In October last year, Apple releases a new version of macOS dubbed as ‘Catalina.’ This latest installment of macOS includes new features, including new apps for podcasts, music, and TV (replacing iTunes), the ability to use iPad as an external monitor, a revamped Photos app, and many more. Seeing this, it’s no wonder that some Mac users want to update their OS version to Catalina. However, not all of them have the luxury to do so.
Officially, macOS Catalina won’t work on older Mac devices that are deemed not powerful enough, according to Apple. Additionally, they provided the official list of the supported Macs:
- MacBook models released in 2015 or after
- MacBook Air models released in mid-2012 or after
- MacBook Pro models released in mid-2012 or after
- Mac mini models released in late 2012 or after
- iMac models released in late 2012 or after
- iMac Pro released in 2017
- Mac Pro models from late 2013
This means that if you have a Macbook Air or iMac released in 2011, you won’t be able to upgrade your OS to Catalina. What version of macOS do you have?
If you’re unsure what version of macOS you have, you can check your macOS or OS X version by clicking the Apple icon at the top-left corner of Mac’s screen, then select About This Mac. In the Overview tab, look at the Mac model year below the OS version number. If the year is the same or above the previous compatibility list, then you should be able to install macOS Catalina formally. If not, read on.
Make your old Mac support macOS Catalina
Older Mac owners don’t have to worry. It’s not the end of the world. There’s a patch that lets you install Catalina to Macs that are not officially supported.
The patch is known as DosDude Catalina Patcher. DosDude Catalina Patcher is a third-party tool, meaning Apple does not develop the tool. It’s made by an individual developer instead. Keep in mind that just because you can make your old Mac run Catalina, it doesn’t necessarily mean it will always be a good thing to do.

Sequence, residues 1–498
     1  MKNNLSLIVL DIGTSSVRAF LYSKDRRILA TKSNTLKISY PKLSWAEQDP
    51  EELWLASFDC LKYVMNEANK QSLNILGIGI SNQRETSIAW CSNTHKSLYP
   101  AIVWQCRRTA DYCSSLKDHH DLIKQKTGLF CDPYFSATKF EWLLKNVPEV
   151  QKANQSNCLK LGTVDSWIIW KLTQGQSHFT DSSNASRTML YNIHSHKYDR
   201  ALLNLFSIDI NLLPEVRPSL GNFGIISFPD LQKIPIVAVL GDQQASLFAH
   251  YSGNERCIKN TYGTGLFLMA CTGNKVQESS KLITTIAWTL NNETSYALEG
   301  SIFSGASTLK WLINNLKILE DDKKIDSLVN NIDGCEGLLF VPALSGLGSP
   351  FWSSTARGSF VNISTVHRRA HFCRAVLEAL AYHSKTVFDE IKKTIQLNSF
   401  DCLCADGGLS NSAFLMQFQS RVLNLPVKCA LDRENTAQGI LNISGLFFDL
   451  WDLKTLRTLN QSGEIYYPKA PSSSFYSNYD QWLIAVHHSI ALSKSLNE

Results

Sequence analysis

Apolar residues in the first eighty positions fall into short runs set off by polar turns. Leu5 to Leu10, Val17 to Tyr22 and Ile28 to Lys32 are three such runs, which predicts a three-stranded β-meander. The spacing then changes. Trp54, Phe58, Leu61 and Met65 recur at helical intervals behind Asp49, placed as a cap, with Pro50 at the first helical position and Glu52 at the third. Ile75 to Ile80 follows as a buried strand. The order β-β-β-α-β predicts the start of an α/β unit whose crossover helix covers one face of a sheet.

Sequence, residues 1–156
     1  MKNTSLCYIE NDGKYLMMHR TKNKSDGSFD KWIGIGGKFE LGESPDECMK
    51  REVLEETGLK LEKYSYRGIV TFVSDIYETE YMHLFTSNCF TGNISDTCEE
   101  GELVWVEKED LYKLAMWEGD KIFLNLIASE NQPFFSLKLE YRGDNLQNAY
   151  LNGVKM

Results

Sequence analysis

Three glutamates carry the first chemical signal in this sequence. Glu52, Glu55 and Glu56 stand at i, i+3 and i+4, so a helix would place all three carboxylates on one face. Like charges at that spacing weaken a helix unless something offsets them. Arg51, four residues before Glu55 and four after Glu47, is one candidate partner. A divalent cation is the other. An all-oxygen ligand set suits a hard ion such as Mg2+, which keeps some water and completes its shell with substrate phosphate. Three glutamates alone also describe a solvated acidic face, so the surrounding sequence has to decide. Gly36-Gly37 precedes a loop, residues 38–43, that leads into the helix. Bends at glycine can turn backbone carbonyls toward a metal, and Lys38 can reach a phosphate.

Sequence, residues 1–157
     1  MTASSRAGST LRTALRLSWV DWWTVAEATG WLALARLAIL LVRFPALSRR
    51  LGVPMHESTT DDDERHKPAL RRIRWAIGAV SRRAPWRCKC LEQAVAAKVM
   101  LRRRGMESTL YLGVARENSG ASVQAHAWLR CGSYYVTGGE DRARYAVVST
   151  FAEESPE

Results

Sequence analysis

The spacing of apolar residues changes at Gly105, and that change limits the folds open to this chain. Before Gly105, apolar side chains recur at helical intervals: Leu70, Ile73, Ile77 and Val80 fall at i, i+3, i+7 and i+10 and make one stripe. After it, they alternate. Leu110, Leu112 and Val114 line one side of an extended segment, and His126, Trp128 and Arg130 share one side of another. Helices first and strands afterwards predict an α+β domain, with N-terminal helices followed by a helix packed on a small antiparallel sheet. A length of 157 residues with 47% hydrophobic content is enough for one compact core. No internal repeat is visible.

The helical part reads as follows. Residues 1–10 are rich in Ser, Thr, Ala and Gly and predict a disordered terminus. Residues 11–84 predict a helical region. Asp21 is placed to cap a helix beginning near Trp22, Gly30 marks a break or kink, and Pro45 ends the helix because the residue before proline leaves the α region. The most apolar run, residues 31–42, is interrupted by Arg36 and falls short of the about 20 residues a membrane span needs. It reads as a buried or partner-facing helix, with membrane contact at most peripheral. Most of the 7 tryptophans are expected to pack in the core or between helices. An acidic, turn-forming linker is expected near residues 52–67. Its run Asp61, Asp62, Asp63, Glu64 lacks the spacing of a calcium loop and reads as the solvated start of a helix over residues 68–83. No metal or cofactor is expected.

Apple prevents older devices to run Catalina for a reason. As mentioned before, anything older than the officially supported hardware will most likely offer suboptimal performance using Catalina, not to mention that some features need newer hardware to function properly.
Despite that, it doesn’t mean that all old machines won’t run macOS Catalina well. Given that your hardware is capable enough, running Catalina shouldn’t introduce any lasting problems. The macOS Catalina Patcher is also updated regularly to address any issues that may surface. Otherwise, you can always downgrade your macOS to an older version if needed.
Install macOS Catalina on an older Mac
Before we begin, it might be a good idea to have a backup of your system using Time Machine, just in case. Creating a backup is always recommended. It’s not only useful for installing a new OS version can enable you to undo any changes after an update, which would be very helpful should something go wrong.
Once you are ready to jump into upgrading, follow the step-by-step guide below to install macOS Catalina on an older Mac using DosDude Catalina Patcher.
- First off, download the most recent version of Catalina Patcher from the official website.
- After the app is downloaded and installed, open it.
- The app will present you with a welcoming message. Keep clicking Continue until it finishes.
- Afterward, you need to get the macOS Installer App from Apple. You can either Download a Copy or Browse for a Copy… if you already have one. If you choose to download, the file size is about 7 to 8 GB, so you may need to wait for a while.
- Plug in a USB flash drive to your Mac and select Create a bootable installer on the Installation Method section.
- On the next screen, your flash drive should be detected as a volume. Else, you may have to first format your USB drive into macOS Extended Journaled if you haven’t already.
- When the flash drive is detected, select it, and click Start.
- Once the bootable installer is copied into the USB drive, restart your Mac. Hold down the Option key while the rebooting process takes place to open up the Startup Manager.
- From the boot list, choose the USB flash drive installer.
- Then, you’ll be taken to the macOS Utilities window. One thing to note is that if you run a version of macOS that is earlier than High Sierra, you’ll need to reformat your installation hard drive to APFS before proceeding. Use the Disk Utility option from the available list on the macOS Utilities window to do so. Otherwise, skip to the next step.
- Click on Reinstall macOS to install Catalina. Simply follow the process until the new OS, and the relevant patches are installed successfully.
Now, you can enjoy the latest version of macOS on an older Mac. Remember that Apple doesn’t recommend you do this, so some troubles might show up when operating your device. Even though dosdude1, the developer of Catalina Patcher, introduces new patches regularly, it shouldn’t be surprising if the experience may not be as good as using Catalina on Macs that officially supports it.